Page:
Take it from me, someone who’s had to navigate dating as a person with depression: it’s not easy. I won’t sugarcoat it.

Depression, and mental illness in general, are still very stigmatized, which can mean that depressed people are often judged or misunderstood when meeting new people, being vulnerable, and opening up about their condition. Judgement can be especially harsh from people who don’t suffer from mental illness themselves. Not to mention, dating is hard for pretty much everybody, mental illness or not.

While you don’t want to place pressure on your partner to make you happy or rely on your partner for all of your happiness, there are definitely some qualities to look for in a partner that can make for a happier, healthier relationship.

Qualities to Look for in a Partner

Talkspace therapist Elizabeth Hinkle, LMFT, suggests using the acronym “LOVES” for the most important qualities in a partner if you have depression:

  • Loving
  • Observant
  • Validating
  • Encouraging
  • Supportive

We’ll break these qualities down for you below.

1. They’re loving

Of course, love is the pillar of any romantic relationship, but when you’re depressed, you really need a partner that can love you unconditionally — whether you’re having a good mental health day or a bad mental health day. Hinkle says the ideal partner will be someone who can be “non-judgmental with their love and consistently respectful and kind.” The last thing you need when you’re in a relationship is someone who is going to judge you or be any less kind because you’re depressed.

A lot of people feel unlovable because of their mental illness. You want a partner who is going to prove you wrong and show you that you are loveable, maybe even more lovable because of how strong you are.Your partner should never make you feel like you’re a burden.

2. They’re observant

According to Hinkle, your partner should be observant of both your emotions and their own. Sometimes, actions speak louder than words. Your partner doesn’t have to be a mind reader (and it isn’t realistic to expect that of anyone), but they should be observant. If they’re observant they can take clues from your actions to know if you’re having a bad mental health day or feeling extra low, so they can know whether to give you space or extra loving, depending on your preference when you’re dealing with a depressive episode. They should also be mindful of their own emotions. It’s important for a partner to be in touch with their own emotions, not just yours, so they can take care of themselves and ask for what they need as well.

Additionally, on a more serious note, they should be observant of (and knowledagble about) suicide warning signs —just in case. This way, they can get you the extra help that you need if necessary.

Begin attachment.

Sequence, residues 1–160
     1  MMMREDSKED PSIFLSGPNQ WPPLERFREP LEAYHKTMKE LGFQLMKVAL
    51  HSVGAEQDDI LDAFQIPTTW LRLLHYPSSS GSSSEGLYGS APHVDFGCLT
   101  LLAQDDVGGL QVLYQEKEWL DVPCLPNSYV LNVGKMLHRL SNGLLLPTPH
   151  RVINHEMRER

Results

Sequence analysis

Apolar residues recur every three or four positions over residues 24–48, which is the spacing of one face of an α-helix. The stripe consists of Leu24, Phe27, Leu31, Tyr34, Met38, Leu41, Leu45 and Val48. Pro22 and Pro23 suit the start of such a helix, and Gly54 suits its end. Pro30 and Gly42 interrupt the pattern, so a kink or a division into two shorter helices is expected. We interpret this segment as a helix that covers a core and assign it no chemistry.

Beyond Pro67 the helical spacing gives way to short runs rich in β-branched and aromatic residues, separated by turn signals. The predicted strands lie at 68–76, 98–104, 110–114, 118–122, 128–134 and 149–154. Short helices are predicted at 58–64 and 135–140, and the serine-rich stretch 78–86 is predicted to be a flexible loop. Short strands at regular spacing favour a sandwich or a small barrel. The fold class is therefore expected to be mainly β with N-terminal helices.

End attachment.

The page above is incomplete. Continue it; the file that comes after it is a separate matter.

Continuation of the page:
3. They’re validating

Sadly, a lot of people who’ve never been depressed do not fully understand the condition or know how severe it can be. If you’re depressed, you know very well that depression isn’t just “having a bad day” or “being in a bad mood.” If a partner thinks that depression is something you can just snap out of…it’s probably not going to work out. Hinkle says you should want someone who “hears and understands your emotions — and also knows or comes to learn that depression is a medical condition.”

They should be able to validate your feelings, even if they have never experienced depression. It may be helpful to send them some articles about depression, and explain to them how your own depression manifests, since not everybody’s experience with the condition is exactly the same. The more open you can be about your experience and the way you feel, the easier it will be for them to understand where you’re coming from.

4. They’re encouraging

Many people with depression know how hard it can be to find the motivation to do even the smallest tasks. It can be really helpful to have a partner who is encouraging in general — whether they’re just motivating you to get out of bed on a rough morning or they’re pushing you to take the next step with your career. Sometimes, when you’re depressed, it really can take an extra push from somebody else to get you moving in the right direction. If your partner can help push you to be the best version of yourself, that’s a bonus — for you and for the relationship.

That said, everything should be in moderation. You don’t want somebody who’s going to be encouraging to a point of being pushy. Again, it comes down to being able to understand and validate you — encouraging you without forcing you to do anything you don’t want to do.

5. They’re supportive

Having someone’s full support when you’re depressed can mean the world. Hinkle says you should find someone who “supports your moods, your goals, and your journey.” This can mean support in recovery or help chasing your dreams. Support may also mean encouraging you to get the proper professional help when your partner can’t provide the care you need. After all, your partner isn’t your therapist. Being supportive of someone with depression is one of the simplest, yet most meaningful “gifts” that a partner can offer in a relationship.

Another way a potential partner can be supportive is by assisting you in your recovery. This means you should avoid a partner who is going to be negative about your treatment plan — like if they tease you about going to therapy or pill shame you. Thank you, next!

So, if you are currently in the dating game, be on the lookout for people with these traits —and avoid those who don’t. You deserve no less than a partner who is going to treat you right and love you passionately, depression and all.

Originally published on Talkspace.

More from Talkspace:

What to Expect From Your First Online Therapy Experience

How To Maintain Independence While in a Relationship

5 Signs of Acute Stress Disorder

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